To our knowledge, this is the first study to compare the real-world responses of patients with COPD choosing to undergo PR or home-based exercise. A distinct finding was the significantly greater mean improvements in exercise capacity with PR (59 m) compared with home-based exercise (29 m), with the former comparable to data reported in national PR data sets.10 In contrast, recent trials comparing home-based exercise with PR have demonstrated lower than expected improvements in exercise outcomes in the PR arms,2 5 which may have been driven by participant bias or design. For example, Bourne et al, 4 reported the effects of home-based exercise conducted through an online platform. Although the comparator arm was supervised and took place in an outpatient setting, the participants did not undergo traditional PR but followed a programme of 10 exercise stations that was identical to that in the online programme, with minimal aerobic exercise.

A potential advantage of our study was that we compared patients who chose to undergo home-based exercise with a matched group of patients who chose to attend PR. As such, our results may be generalisable and were not affected by a lack of equipoise. In contrast, a limitation of previous studies is selective trial populations, where significant proportions of eligible participants were not randomised as they wanted to participate in traditional PR.2 3 Furthermore, it is plausible that these trials may have lacked equipoise; for example, the majority of participants questioned by Horton et al , ‘would have chosen the home programme 3. In contrast, out of the 1593 patients eligible for our study, only 154 (10%) chose home-based exercise. This may have reflected referral bias or bias of the clinical team when offering treatment options, but we suspect that patients choosing home-based exercise were primarily those who did not wish to exercise in a group setting, or those with mobility or transport difficulties who were unable to travel to PR sessions.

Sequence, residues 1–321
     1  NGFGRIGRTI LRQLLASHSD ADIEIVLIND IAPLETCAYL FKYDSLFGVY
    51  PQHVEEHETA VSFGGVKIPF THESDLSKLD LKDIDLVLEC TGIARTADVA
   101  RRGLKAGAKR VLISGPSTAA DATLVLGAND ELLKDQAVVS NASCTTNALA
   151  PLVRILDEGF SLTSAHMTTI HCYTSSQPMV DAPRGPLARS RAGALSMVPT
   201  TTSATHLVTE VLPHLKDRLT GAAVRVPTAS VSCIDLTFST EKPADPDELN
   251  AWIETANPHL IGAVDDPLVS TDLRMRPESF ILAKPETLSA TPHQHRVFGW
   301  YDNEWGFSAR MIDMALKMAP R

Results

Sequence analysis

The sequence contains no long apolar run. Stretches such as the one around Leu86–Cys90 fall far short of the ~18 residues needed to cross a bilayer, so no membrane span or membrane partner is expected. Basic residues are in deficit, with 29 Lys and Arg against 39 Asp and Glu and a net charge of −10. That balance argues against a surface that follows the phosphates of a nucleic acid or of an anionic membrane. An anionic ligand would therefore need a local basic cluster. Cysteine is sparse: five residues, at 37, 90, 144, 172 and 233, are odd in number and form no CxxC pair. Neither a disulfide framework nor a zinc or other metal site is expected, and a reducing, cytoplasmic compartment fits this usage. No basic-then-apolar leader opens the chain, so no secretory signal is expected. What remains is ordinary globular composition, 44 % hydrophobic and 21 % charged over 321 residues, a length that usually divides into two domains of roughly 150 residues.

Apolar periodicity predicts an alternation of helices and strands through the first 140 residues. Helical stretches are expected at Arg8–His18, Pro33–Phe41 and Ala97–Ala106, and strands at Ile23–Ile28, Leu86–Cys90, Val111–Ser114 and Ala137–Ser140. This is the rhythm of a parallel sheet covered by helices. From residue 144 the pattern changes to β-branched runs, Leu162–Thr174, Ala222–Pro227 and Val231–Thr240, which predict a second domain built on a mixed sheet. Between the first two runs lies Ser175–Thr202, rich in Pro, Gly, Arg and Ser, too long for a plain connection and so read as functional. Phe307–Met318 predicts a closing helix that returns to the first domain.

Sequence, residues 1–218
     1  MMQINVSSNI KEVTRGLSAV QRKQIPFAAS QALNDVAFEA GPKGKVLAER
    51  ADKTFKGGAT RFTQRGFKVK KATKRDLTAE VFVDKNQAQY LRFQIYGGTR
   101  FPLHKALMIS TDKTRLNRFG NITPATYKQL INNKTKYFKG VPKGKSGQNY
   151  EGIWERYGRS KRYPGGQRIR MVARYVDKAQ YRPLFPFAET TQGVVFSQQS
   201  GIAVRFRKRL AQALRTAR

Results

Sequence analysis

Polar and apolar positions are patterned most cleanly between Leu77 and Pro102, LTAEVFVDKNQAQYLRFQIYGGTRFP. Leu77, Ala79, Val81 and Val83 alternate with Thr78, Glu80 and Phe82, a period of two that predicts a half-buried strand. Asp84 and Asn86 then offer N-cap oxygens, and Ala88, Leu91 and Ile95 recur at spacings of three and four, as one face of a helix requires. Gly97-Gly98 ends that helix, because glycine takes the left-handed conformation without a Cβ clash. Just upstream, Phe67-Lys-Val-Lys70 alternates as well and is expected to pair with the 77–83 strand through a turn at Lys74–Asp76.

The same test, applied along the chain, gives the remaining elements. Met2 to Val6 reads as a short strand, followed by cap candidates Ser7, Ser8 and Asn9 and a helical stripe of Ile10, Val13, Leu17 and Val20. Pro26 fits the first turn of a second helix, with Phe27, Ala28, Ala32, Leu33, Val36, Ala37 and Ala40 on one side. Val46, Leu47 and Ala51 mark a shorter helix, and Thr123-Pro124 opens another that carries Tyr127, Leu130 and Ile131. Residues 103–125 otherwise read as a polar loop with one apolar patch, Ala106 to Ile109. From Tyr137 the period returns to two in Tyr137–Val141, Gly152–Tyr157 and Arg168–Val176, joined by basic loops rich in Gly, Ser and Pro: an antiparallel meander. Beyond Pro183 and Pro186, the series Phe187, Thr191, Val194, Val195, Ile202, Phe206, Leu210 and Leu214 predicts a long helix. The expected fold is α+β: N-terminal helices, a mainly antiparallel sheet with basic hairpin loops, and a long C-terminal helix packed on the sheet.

A novel finding from our study is that the majority of patients in the home-based group (83%) reported feeling ‘much’ or ‘a little better’ following intervention. We also observed significant improvements in health-related quality of life following home-based exercise, corroborating recent meta-analysis data.11 However, we only evaluated the short-term effects and exploration of the long-term impact may be relevant.

In conclusion, traditional PR remains the standard of care and first-line option, with home-based exercise a less effective alternative for patients with COPD unable to attend PR.


We would like to express our gratitude to the patients who participated in this research and to the staff of Harefield Pulmonary Rehabilitation Unit for their role in delivering the interventions and help with data collection.



  • Contributors CMN and WM contributed to the concept and design of study and drafted the manuscript. CMN, DK, SEJ, SP, RB, JAW and SW contributed to the acquisition of data. CMN, DK and WM contributed to the analysis of data. All authors contributed to the revision of manuscript critically for important intellectual content and approval of the final manuscript.

  • Funding This study was funded by a project grant from the NIHR Collaboration for Leadership in Applied Health Research and Care Northwest London (CLAHRC for Northwest London). CMN, JAW and SCW are supported by an NIHR Research for Patient Benefit Grant (PB-PG-0816-20022); SEJ is supported by a NIHR Doctoral Research Fellowship (DRF-2015-08-004); SP is supported by a British Lung Foundation IPF Project Grant (IPFPG17-15) and REB is supported by a NIHR Clinical Doctoral Research Fellowship (CDRF-2017-03-018).

  • Competing interests WM reports grants from National Institute for Health Research during the conduct of the study; grants from Pfizer, non-financial support from GSK, personal fees from Mundipharma, personal fees from Novartis, outside the submitted work.

  • Patient consent for publication Not required.

  • Ethics approval The study was approved by London-Camberwell St Giles Research Ethics Committee (11/LO/1780).

  • Provenance and peer review Not commissioned; externally peer reviewed.